After more than 16 years and nearly 2,600 telecasts, Jon Stewart can feel proud of his scads of Emmys and his pair of Peabody Awards, his cultural gravitas (he hung with the Prez, both on and off the air!), even his reprobate status at Fox News.
Who could blame him for wanting to depart “The Daily Show” on this high note?
Besides, maybe it had gotten too easy. By June, when Donald Trump jumped into the presidential race, a giddy Stewart framed this jest-alluring candidacy as Trump’s going-away gift to him, “putting me in some sort of comedy hospice where all I’m getting is straight morphine.”
Or maybe it had gotten too hard.
When he took over “The Daily Show” in January 1999, Stewart’s simple mission was to host a program that would lampoon “real” newscasts and newsmakers they enabled.
“I like keeping up with the news,” he told the Associated Press at the time, “even though I think it’s gotten so out of control. But that’s what I like about ‘The Daily Show’: It’s like checks and balances.”
But in an interview a few months ago, Stewart put a bit more dismally the task of finding the funny in the news.
“I think of us as turd miners,” he said. “I put on my helmet, I go and mine turds. Hopefully I don’t get turd lung disease.”
Absurdity embedded in truth
A famous definition of news: “What those in power don’t want you to know.”
Meanwhile, the illuminative mockery of Stewart’s “fake news” might be defined as “What those in power don’t want you to think.”
Always questioning authority — whether politicians, corporate titans, media barons or, of course, puffed-up journalists — Stewart did what satirists have done for centuries: He seized on the absurdity embedded in accepted truth.
But as “The Daily Show” aped the bombast and blizzard of graphics employed, without irony, by “legitimate” newscasts, Stewart never copped to grandiose claims for what he was up to.
“Our meeting every morning is an explicit discussion of what’s going on in the world,” he declared in a 2004 interview with The Associated Press. “But then the rest of the day is spent trying to hide that under layers of fart jokes.”
While Stewart is undeniably left-leaning, his show, he said, “doesn’t honor the distinction between left wing and right wing, or liberal and conservative, or in some respects between Democrat and Republican.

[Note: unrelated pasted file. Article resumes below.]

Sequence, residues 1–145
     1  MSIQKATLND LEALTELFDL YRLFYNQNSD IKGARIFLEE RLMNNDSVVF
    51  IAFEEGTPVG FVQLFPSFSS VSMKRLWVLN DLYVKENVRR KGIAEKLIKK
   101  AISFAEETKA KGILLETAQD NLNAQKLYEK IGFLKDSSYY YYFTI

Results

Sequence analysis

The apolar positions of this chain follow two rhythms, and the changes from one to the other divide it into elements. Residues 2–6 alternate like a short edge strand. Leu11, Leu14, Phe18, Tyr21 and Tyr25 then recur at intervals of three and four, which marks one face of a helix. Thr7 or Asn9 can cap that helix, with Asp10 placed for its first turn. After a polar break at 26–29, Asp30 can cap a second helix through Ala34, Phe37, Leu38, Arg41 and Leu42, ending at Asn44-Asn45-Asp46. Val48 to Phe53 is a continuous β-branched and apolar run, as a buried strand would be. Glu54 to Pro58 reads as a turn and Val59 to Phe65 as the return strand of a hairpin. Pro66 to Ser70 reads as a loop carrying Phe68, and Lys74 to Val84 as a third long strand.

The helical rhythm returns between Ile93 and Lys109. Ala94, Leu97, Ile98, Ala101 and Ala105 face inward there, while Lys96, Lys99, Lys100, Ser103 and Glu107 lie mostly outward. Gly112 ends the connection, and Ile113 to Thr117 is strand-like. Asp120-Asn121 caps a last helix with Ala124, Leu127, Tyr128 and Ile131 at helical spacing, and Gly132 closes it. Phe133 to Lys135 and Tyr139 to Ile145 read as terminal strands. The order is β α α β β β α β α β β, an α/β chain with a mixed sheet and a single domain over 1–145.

“We only honor the distinction between real and absurdly fake,” he said, then grinned. “And WE are absurdly fake.”
“The Daily Show” under Stewart thus made a credible argument that, for journalism and public affairs, bogus is the new real, leaving fact and fantasy interchangeable. “The Daily Show” prevailed as a bit of daylight in between, a privileged space that granted Stewart almost limitless freedom to make fun of things, even as he exercised due diligence in making sense of them in the process.
A higher purpose
Some (even Stewart) would say “The Daily Show” is a half-hour of silliness meant to call out politicians and other power brokers with no higher purpose than amusing its audience.
Still, he was sharply attuned to America’s many wrong turns, how its leadership and media routinely let the country down. In 2010, he and fellow Comedy Central fake-news host Stephen Colbert even organized a rollicking “Rally to Restore Sanity and/or Fear” that drew tens of thousands to Washington’s National Mall.
Americans, said Stewart in one of the telecast’s more serious moments, do “impossible things every day that are only made possible through the little, reasonable compromises we all make.”
But reasonable compromises are what elected officials are loath to make in the present day; what news media dismiss in favor of spotlighting the more watchable bad behavior and conflict.